— A History of the Four Georges and of William IV, Volume III (of 4) • Justin McCarthy and Justin Huntly McCarthy

... endeavoured to liquidate the claim in the Continental currency, now depreciated through the desperation of the American cause to a point that made it scarcely worth the paper on which its pseudo-value was stamped. The squire, however, with many a jeer and flout at each would-be payer for his folly in having taken the money, and his still greater foolishness in expecting to pay rent on leaseholds with it, declined to accept it. His refusal of each tender, which indeed had been expected, was usually followed by a ...
— Janice Meredith • Paul Leicester Ford

... courage, then, to front that law (From which your sophists draw Their only right to flout one human creed) That nothing can proceed— Not even thought, not even love—from less Than its own nothingness? The law is yours! But dare you waive your pride, And kneel where you denied? The law is yours! Dare you re-kindle, then, One faith ...
— Collected Poems - Volume One (of 2) • Alfred Noyes

... them on, And their own prowess. Crashed together these Like thunderclouds outlightening, thrilling the air. With shattering trumpet-challenge, when the blasts Are locked in frenzied wrestle, with mad breath Rending the clouds, when Zeus is wroth with men Who travail with iniquity, and flout His law. So grappled they, as spear with spear Clashed, shield with shield, and man ...
— The Fall of Troy • Smyrnaeus Quintus

... supplies myself, and then retired. But such their confidence; their talk so loud And free, I could not help but hear some words That raised suspicion; then I listened close And heard, 'mid gibe and jest, the enterprise That was to flout us; make the Loyalist A cringing slave to sneering rebels; make The British lion gnash his teeth with rage;— The Yankee, hand-on-hip, guffawing loud The while. At once, my British blood was up, Nor had I borne their hated presence more, But for the deeper cause. My ...
— Laura Secord, the heroine of 1812. - A Drama. And Other Poems. • Sarah Anne Curzon

... the heat of the long summer days, until in the frost the farmers cutting the stalks and stacking them evenly about in the semblance of long departed tepees, leave no dangling blades to sigh through, nor tassels to flout. ...
— The Way of the Wind • Zoe Anderson Norris

... forward from the town to flout us with an address of welcome in which he used not our incognitos ...
— Clementina • A.E.W. Mason

... With a flout at his dreams, and his cowardice, and his good-for-nothingness, the dame hurried to serve her customers. Jeremiah heard her loud voice addressing them, and their hoarse tones answering. She came out again for two pints to draw some beer, and commanded him to follow her and ...
— Library Of The World's Best Literature, Ancient And Modern, Vol 4 • Charles Dudley Warner

... deputies, Arch- Bishops, and there together range Sous-lieutenants and cent-gardes (strange Way these soldier-chaps make change), Mixed with black-eyed Polish dames, With unpronounceable awful names; Laces tremble and ribbons flout, Coachmen wrangle and gendarmes shout— Bless us! what is the row about? Ah! here comes Rosy's new turnout! Smart! You bet your life 'twas that! Nifty! (short for magnificat). Mulberry panels,—heraldic spread,— Ebony wheels picked out with ...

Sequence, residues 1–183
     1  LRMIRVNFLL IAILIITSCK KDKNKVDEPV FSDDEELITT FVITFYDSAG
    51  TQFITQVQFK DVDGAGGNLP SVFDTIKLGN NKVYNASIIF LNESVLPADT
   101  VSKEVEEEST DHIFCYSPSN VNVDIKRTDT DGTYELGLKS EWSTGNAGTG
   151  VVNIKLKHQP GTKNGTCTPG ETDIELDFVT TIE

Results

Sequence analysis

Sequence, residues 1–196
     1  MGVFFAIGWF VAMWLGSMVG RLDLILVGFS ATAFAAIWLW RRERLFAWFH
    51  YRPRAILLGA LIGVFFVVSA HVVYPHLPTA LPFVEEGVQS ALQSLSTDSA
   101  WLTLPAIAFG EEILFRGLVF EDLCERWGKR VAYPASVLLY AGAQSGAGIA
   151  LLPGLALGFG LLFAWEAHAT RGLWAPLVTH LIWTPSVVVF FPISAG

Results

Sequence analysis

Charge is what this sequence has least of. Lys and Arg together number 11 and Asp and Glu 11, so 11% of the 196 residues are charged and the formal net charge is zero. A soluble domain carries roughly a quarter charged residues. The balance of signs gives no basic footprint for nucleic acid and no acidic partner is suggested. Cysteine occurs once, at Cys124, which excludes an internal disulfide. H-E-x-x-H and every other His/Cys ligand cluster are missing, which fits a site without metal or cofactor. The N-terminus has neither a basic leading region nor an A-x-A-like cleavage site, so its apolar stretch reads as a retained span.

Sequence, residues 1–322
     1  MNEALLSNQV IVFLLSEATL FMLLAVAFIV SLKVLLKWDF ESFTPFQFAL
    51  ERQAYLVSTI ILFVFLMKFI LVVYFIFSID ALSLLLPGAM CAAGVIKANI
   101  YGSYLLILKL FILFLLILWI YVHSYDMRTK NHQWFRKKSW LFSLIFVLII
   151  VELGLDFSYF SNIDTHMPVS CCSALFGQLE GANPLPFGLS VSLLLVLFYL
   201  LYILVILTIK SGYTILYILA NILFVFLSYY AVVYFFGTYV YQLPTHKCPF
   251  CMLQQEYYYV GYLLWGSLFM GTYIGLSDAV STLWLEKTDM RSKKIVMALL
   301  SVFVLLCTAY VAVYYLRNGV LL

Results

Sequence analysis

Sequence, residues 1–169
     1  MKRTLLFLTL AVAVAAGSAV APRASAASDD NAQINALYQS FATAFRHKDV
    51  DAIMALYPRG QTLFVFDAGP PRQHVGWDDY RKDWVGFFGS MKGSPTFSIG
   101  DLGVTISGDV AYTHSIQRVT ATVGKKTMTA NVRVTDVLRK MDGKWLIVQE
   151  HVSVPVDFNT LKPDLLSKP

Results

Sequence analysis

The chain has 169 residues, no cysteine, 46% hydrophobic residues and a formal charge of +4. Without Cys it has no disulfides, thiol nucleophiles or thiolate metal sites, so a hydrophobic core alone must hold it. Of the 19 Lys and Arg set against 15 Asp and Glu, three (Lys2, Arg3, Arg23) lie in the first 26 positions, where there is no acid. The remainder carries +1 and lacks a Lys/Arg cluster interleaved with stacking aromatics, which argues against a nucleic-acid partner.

— Complete Poetical Works of Bret Harte • Bret Harte

... means to be kind," concluded Lilac, "and it's a shame to flout him as they do, so ...
— White Lilac; or the Queen of the May • Amy Walton

... for a man to assert his own independence, and to show his bride at the outset on whose feet the highest-heeled boots would be, but quite another to flout the customs of the countryside ...
— A Bride of the Plains • Baroness Emmuska Orczy

... was dumfoundered by this obstinacy. It was unheard of—absolutely without parallel in his domestic annals—that one of his children should actually flout him! yes! actually flout him with ...
— The Ffolliots of Redmarley • L. Allen Harker

... to flout their messengers yesterday," said William Douglas, his boyish heart misgiving him at dispraise of others; "perhaps they meant me well. But I am naturally quick and easily fretted, and the men annoyed me with their parchments ...
— The Black Douglas • S. R. Crockett

... dinners, and their vulgar obsequiousness at table. They swill more than they should and would like to swill more than they do, they spoil the wine with unwelcome and untimely disquisitions, and they cannot carry their liquor. The ordinary people who are present naturally flout them, and are revolted by the philosophy which ...
— Works, V1 • Lucian of Samosata

... availed, for wings could not outstrip fear. The one went under, and the other, flying, turned his breast upward. Not otherwise the wild duck on a sudden dives when the falcon comes close, and he returns up vexed and baffled. Calcabrina, enraged at the flout, kept flying behind him, desirous that the sinner should escape, that he might have a scuffle; and when the barrator had disappeared he turned his talons upon his companion, and grappled with him above the ditch. But the ...
— The Divine Comedy, Volume 1, Hell [The Inferno] • Dante Alighieri

... the minstrel frowned dislike: 'I have against you somewhat, Wessex men! In laughter spasms ye reel, or shout applause, Music surceased. Like rocks your fathers sat; In every song they knew some mystery lay, Mystery of man or nature. Greater God Is none than Thor, whom, witless, thus ye flout. That giant knew his greatness, and, at morn, While vexed at failure through the gates he passed, Addressed him reverent: 'Lift thy head, great Thor! Disguised thou cam'st; not less we knew thee well: Brave battle fought'st thou, seeming still ...